From Tokyu Plaza Ginza, I walked 10 minutes to the iconic Tsukiji fish market. I'll preface by saying that I have never been a big seafood eater (more on this later), so my walk through the market was mostly to observe the action. There were hundreds of shops and stands selling every type of creature from the water you could imagine. The narrow streets were so crowded that it was almost impossible to continue moving forward. While fun to witness, the market was not going to sway me to make any purchases other than a canned beer. This was all poetic foreshadowing to my dinner later on in the evening.

As with tourist attractions, restaurants are also places I do my best to research beforehand. I knew that my week of travel in Japan was aligning with the national holiday week (Golden Week), meaning many options would likely be busier than usual. I did tell myself that despite my hesitancy around seafood, I wanted to try an authentic sushi restaurant. I made a reservation at Ginza Iwa, one of Tokyo's many Michelin rated restaurants. Ginza Iwa is a very small dining location, and I was led down a narrow stairwell into a single dining room that sat a total of six people. I was dining with a family of four from a small town near Shanghai. The mother in the family had never eaten sushi before, so I was somewhat relieved that I wasn't the only rookie. The service consisted of around ten separate raw fish dishes ranging from flounder to a "scallop taco" as the chef jokingly called it (it was a scallop wrapped in nori), crab with sea urchin, and a number of other fish. I found the standard cuts of fish to be very good, but it was the crab with sea urchin that turned the tides. Having never eaten sea urchin before, I wasn't prepared for the slimy texture as it slid down the back of my throat. Gag-reflex triggered. I did my best to cover my reaction with the cold sake I was served, but from that moment on it was a struggle.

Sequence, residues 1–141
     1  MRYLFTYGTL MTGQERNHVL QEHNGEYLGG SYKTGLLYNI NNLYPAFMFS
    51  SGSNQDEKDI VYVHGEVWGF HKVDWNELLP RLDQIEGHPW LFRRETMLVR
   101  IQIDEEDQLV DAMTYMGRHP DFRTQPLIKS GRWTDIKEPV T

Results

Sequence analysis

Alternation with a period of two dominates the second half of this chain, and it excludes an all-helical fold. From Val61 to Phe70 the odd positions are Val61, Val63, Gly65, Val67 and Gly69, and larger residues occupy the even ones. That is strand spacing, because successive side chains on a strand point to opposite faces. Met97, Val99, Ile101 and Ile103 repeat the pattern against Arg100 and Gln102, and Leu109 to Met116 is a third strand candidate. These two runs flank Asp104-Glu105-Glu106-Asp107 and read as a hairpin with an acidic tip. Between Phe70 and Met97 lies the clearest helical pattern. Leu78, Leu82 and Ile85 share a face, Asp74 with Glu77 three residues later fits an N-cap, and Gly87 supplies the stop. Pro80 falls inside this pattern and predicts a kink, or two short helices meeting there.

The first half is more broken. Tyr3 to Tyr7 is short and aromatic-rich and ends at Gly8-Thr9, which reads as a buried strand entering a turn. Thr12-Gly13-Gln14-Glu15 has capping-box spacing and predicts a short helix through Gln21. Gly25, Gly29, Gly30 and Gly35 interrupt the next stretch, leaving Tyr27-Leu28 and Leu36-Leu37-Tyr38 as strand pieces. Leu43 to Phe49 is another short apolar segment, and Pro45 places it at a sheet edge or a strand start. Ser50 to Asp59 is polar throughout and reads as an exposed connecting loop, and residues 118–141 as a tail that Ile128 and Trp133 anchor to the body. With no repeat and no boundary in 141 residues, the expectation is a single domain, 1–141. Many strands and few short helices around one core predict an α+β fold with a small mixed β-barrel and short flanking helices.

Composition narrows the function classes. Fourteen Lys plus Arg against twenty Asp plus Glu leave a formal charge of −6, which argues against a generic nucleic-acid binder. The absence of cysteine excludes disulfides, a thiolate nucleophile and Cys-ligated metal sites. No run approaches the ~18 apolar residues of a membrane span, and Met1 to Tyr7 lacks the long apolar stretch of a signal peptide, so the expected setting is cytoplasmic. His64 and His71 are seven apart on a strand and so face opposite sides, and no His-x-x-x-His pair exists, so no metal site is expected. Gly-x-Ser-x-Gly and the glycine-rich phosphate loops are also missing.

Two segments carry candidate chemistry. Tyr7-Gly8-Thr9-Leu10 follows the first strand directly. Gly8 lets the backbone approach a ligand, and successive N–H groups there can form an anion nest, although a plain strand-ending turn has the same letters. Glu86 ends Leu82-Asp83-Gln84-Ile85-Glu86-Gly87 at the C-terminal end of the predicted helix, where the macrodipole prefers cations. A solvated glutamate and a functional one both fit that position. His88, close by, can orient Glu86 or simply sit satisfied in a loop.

The chef had prepared another piece and put it in front of me. I put what looked like some type of white fish into my mouth, having just been thinking that I was glad there wasn't any squid. The chef timed his information perfectly as I was chewing.

"So this one. Squid."

*Reaches for sake.*

The icing on the cake was when the chef brought out live prawns on a cutting board. If there was a photo of my face.

"Raw or boiled?"

"I'm ok actually. Thank you."


He walks back into the kitchen to "prepare" the prawns for the next piece. He returns with just the meat and starts throwing it on the cutting board to form a ball.

"Look closely. Still moving."

Having been witness to the almost artistic motion on the streets of the city earlier that day, this was not at all the type of movement I was after. Feeling the eyes on me in the room, I scrambled to pick up my chopsticks, grabbed the sushi, threw it in my mouth, and quickly washed it down with the remaining sake.

"Good, yes?"

"Oh yes. Very."

Dinner service ended with a strawberry sliced in two. This went down without a hitch.

If I learned anything today it's that I'll be sticking with my 0-star California rolls going forward.